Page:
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Biomass Burning and Its Inter-Relationships with the Climate System

  • John L. Innes
  • Martin Beniston
  • Michel M. Verstraete

Part of the Advances in Global Change Research book series (AGLO, volume 3)

Table of contents

  1. Front Matter
    Pages i-xi
  2. Sue A. Ferguson, David V. Sandberg, Roger Ottmar
    Pages 33-50
  3. Eric S. Kasischke, Brian J. Stocks, Kathy O’Neill, Nancy H. F. French, Laura L. Bourgeau-Chavez
    Pages 51-68
  4. Claire Granier, Jean-François Müller, Guy Brasseur
    Pages 69-85
  5. D. A. Hauglustaine, G. P. Brasseur, J. S. Levine
    Pages 87-99
  6. W. R. Skinner, B. J. Stocks, D. L. Martell, B. Bonsal, A. Shabbar
    Pages 101-125
  7. Donald R. Cahoon Jr., Brian J. Stocks, Martin E. Alexander, Bryan A. Baum, Johann G. Goldammer
    Pages 151-169
  8. Edward Dwyer, Jean-Marie Grégoire, José M. C. Pereira
    Pages 171-191
  9. Daniela Stroppiana, Pietro Alessandro Brivio, Jean-Mare Grégoire
    Pages 193-213
  10. José M. C. Pereira, Maria J. P. Vasconcelos, Adélia M. Sousa
    Pages 215-232
  11. Geoffrey J. Cary, John C. G. Banks
    Pages 233-246
  12. Eric S. Kasischke, Kathy O’Neill, Laura L. Bourgeau-Chavez, Nancy H. F. French
    Pages 263-280
  13. Douglas G. Fox, Allen R. Riebau, Richard W. Fisher
    Pages 299-319
  14. John L. Innes, Martin Beniston, Michel Verstraete
    Pages 341-346
  15. Back Matter
    Pages 347-359

About this book

Introduction

JOHN L. INNES University of British Columbia, Vancouver, Canada The interactions between biomass burning and climate have been brought into focus by a number of recent events. Firstly, the Framework Convention on Climate Change and, more recently, the Kyoto Protocol, have drawn the attention of policy makers and others to the importance of biomass burning in relation to atmospheric carbon dioxide concentrations. Secondly, the use of prescribed fires has become a major management tool in some countries; with for example the area with fuel treatments (which include prescribed burns and mechanical treatments) having increased on US National Forest System lands from 123,000 ha in 1985 to 677,000 ha in 1998. Thirdly, large numbers of forest fires in Indonesia, Brazil, Australia and elsewhere in 1997 and 1998 received unprecedented media attention. Consequently, it is appropriate that one of the Wengen Workshops on Global Change Research be devoted to the relationships between biomass burning and climate. This volume includes many of the papers presented at the workshop, but is also intended to act as a contribution to the state of knowledge on the int- relationships between biomass burning and climate change. Previous volumes on biomass burning (e. g. Goldammer 1990,Levine 1991a, Crutzen and Goldammer 1993, Levine 1996a, 1996b, Van Wilgen et al. 1997) have stressed various aspects of the biomass–climate issue, and provide a history of the development of our understanding of the many complex relationships that are involved.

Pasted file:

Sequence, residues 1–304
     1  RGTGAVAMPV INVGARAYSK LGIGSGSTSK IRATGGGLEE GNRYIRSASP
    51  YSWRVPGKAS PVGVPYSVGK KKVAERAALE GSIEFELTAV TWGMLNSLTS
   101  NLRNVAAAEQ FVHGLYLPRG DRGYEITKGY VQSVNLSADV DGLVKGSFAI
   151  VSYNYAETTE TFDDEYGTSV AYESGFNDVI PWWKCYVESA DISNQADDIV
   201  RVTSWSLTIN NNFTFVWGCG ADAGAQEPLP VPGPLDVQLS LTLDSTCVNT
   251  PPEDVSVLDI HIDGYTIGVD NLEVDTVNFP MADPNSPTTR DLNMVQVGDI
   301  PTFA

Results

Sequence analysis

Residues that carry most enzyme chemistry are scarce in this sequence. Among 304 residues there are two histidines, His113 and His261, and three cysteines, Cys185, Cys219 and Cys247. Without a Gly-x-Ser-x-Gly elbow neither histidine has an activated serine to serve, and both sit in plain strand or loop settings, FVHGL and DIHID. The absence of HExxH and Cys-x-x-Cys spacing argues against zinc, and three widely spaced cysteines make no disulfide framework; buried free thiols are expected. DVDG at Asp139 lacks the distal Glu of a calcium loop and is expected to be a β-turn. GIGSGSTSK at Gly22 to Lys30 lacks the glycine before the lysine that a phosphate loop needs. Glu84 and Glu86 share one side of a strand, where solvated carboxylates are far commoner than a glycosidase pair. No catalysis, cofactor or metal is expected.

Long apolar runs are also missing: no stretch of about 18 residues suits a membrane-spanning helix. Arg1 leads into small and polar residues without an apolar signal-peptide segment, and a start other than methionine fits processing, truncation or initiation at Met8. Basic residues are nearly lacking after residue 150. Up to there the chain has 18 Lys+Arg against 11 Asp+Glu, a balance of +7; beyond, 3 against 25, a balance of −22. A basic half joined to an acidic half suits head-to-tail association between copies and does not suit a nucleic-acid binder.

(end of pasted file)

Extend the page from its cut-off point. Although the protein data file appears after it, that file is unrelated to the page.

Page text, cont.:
Keywords

Absorption Aerosol Greenhouse gas Troposphere climate change vegetation

Editors and affiliations

  • John L. Innes
    • 1
  • Martin Beniston
    • 2
  • Michel M. Verstraete
    • 3
  1. 1.University of British ColumbiaVancouverCanada
  2. 2.University of FribourgSwitzerland
  3. 3.Joint Research CenterIspraItaly

Bibliographic information

  • DOI https://doi.org/10.1007/0-306-47959-1
  • Copyright Information Springer Science+Business Media Dordrecht 2000
  • Publisher Name Springer, Dordrecht
  • eBook Packages Springer Book Archive
  • Print ISBN 978-90-481-5375-6
  • Online ISBN 978-0-306-47959-5
  • Series Print ISSN 1574-0919
  • Buy this book on publisher's site